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About Erythroderma - Exfoliative Dermatitis - Red man syndrome

Erythroderma or exfoliative dermatitis (ED) is a syndrome characterized by generalized inflammatory erythema (reddening of the skin due to inflammation) with scaling. It is a condition with thickening and flaking skin.

Erythroderma usually occurs in persons older than 40 years and more males are affected than females. It usually develops slowly, but may be serious. Patients often complain of their skin feeling 'tight' as well as itchy.

Causes of Erythroderma

ED may result from a variety of causes:

  • most commonly from extension of pre-existing skin disorders like eczema, psoriasis, hodgkin's disease, leukemia.
  • due to drug reactions or as a response to systemic diseases, notably internal malignancies.

Symptoms of Erythroderma

  • Red skin patches
  • Skin thickening, peeling, flaking
  • Patients usually complains of a feeling of chilliness as well as varying degrees of itching which may be intolerable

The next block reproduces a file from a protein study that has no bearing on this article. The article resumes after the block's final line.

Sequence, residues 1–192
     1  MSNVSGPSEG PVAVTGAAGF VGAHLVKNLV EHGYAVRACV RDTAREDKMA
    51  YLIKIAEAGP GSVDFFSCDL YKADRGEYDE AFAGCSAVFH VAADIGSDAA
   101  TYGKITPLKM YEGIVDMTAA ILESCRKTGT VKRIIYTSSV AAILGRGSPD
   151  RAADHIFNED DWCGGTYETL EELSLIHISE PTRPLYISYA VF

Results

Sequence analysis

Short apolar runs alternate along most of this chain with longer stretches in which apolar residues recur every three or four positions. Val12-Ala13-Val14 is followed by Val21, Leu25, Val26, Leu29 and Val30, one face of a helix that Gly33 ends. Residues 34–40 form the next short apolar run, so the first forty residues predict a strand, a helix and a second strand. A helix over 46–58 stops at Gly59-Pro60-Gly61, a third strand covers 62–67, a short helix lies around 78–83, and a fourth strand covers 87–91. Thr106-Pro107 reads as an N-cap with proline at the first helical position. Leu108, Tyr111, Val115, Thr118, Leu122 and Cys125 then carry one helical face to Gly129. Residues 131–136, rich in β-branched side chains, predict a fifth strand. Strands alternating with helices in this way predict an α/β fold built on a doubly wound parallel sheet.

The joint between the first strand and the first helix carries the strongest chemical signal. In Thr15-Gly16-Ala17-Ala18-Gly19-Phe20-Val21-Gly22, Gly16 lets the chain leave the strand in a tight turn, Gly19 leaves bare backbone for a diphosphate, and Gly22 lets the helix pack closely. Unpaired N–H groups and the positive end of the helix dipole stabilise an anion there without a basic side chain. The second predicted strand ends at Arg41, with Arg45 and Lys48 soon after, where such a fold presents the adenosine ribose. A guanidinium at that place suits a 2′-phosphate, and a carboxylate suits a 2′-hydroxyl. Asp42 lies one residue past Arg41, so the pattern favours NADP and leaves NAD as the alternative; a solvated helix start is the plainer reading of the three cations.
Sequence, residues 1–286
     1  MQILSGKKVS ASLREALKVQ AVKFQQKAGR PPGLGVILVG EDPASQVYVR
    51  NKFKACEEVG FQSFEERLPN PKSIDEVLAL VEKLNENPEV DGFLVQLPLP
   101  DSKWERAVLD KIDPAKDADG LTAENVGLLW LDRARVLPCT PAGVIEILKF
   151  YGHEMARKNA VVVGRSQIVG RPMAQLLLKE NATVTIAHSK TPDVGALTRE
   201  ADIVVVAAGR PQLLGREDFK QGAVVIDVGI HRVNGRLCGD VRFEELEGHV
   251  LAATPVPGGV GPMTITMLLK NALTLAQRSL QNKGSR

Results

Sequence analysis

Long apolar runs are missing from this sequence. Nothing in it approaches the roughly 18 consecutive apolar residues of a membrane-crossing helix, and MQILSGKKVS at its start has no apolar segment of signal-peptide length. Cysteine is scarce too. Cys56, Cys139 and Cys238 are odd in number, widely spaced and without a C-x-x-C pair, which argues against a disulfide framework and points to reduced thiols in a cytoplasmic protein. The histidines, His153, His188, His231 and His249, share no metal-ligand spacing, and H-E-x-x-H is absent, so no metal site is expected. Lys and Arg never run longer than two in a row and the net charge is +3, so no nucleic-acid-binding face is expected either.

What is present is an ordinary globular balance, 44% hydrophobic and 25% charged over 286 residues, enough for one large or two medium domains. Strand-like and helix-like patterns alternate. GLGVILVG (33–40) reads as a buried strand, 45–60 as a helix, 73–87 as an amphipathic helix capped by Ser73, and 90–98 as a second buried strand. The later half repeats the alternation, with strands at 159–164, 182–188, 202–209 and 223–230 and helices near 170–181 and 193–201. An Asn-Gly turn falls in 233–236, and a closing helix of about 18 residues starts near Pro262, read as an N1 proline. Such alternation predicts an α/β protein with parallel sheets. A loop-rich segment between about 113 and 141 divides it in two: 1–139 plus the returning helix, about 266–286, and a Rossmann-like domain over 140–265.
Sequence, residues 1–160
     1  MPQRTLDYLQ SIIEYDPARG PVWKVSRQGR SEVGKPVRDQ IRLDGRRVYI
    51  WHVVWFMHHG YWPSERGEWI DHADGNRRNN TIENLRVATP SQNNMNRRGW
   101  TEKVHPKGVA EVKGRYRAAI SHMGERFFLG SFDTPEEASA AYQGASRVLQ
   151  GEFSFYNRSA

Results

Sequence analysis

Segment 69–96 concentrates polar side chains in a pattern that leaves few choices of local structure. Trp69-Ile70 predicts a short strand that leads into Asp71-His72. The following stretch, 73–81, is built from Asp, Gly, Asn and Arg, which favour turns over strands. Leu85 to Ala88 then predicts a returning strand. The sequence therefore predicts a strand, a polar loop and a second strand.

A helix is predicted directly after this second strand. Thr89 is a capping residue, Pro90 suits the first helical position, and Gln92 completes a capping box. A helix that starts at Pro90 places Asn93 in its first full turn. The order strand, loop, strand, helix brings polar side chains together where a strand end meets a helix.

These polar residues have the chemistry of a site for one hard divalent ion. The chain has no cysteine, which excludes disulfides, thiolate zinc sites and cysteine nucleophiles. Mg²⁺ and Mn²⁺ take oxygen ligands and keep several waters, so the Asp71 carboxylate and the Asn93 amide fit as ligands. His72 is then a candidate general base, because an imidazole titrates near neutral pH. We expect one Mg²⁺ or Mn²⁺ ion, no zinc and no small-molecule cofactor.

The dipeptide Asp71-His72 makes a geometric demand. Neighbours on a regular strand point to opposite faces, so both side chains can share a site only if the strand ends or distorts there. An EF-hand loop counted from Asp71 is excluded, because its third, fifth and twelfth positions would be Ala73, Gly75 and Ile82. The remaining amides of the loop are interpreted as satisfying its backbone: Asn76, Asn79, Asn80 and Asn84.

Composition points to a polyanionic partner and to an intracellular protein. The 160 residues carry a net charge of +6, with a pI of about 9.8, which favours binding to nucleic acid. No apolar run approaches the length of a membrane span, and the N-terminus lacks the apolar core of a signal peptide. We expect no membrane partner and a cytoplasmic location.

• Oozing and secondary infection may develop

Long-standing erythroderma is often associated with hair loss, ectropion of the eyelids and even nail shedding.

Management & Treatment of Erythroderma

It depends on the underlying cause. As the patients of erythroderma require the monitoring of their total body functions (including intake and output), they often require admission.

The key is to maintain skin moisture, avoid scratching, avoid precipitating factors, apply topical steroids, and treat the underlying cause and complications.

All unessential drugs & medications should be stopped. Carefully monitor and control fluid intake and maintain proper fluid balance.

Systemic steroids may be helpful in some cases (not in the case of psoriasis).

Topical steroids are the primary category of medications used to treat erythroderma. A sedative antihistamine may be a useful adjunct for itchy patients, since it helps patients to sleep at night, thus limiting nocturnal scratching and excoriations. Antimicrobial agents often are used if an infection is suspected to be precipitating or complicating erythroderma. Other drugs specifically indicated for management of underlying etiology of erythroderma may be necessary.

Also, ensure adequate nutrition with emphasis on protein intake, since erythroderma patients lose a lot of protein through excessive desquamation and show a tendency toward hypoalbuminemia.

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